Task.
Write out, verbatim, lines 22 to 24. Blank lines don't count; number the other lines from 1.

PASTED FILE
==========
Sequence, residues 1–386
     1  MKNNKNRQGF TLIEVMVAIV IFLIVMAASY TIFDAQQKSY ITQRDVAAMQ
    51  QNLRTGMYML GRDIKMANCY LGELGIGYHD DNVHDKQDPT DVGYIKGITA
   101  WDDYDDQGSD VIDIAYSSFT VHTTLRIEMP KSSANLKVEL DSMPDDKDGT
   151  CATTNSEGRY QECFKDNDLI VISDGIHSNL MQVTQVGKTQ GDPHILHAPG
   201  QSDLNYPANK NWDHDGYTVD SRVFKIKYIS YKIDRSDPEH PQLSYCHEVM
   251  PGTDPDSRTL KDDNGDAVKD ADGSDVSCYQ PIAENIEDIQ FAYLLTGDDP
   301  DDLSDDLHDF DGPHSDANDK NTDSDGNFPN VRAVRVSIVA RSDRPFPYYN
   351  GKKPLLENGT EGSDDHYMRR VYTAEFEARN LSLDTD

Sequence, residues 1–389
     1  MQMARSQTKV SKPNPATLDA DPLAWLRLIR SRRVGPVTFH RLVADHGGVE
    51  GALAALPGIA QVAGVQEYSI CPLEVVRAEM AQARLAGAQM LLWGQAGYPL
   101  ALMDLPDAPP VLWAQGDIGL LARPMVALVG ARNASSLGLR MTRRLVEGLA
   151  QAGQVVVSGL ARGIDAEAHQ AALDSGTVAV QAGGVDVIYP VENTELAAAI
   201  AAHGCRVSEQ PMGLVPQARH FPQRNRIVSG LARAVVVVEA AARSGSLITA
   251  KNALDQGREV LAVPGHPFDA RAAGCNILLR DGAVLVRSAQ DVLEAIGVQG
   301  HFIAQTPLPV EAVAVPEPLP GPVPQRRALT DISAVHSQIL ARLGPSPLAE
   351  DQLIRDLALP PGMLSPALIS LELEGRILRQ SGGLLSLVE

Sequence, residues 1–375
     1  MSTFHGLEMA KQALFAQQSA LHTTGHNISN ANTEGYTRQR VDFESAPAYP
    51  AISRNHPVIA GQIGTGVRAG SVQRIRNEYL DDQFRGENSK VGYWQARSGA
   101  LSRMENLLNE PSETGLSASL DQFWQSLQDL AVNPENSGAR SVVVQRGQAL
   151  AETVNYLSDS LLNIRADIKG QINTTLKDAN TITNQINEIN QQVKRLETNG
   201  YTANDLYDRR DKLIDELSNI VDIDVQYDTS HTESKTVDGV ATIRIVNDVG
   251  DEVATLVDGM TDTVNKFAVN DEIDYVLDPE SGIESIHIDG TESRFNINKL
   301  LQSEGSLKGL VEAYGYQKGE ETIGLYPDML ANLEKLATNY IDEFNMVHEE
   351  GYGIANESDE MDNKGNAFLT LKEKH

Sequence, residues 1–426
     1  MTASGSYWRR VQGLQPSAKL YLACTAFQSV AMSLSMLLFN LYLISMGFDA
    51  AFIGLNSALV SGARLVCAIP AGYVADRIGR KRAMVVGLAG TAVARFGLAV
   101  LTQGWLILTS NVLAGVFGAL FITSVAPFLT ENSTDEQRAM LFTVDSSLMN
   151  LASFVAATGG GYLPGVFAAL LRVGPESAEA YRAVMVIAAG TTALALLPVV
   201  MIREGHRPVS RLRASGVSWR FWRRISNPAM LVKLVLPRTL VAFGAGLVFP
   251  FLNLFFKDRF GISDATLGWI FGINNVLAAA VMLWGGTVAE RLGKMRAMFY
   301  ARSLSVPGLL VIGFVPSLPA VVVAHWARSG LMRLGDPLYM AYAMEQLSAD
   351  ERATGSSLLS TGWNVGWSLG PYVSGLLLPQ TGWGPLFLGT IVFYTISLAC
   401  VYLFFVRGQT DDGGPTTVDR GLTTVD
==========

   101  LSRMENLLNE PSETGLSASL DQFWQSLQDL AVNPENSGAR SVVVQRGQAL
   151  AETVNYLSDS LLNIRADIKG QINTTLKDAN TITNQINEIN QQVKRLETNG
   201  YTANDLYDRR DKLIDELSNI VDIDVQYDTS HTESKTVDGV ATIRIVNDVG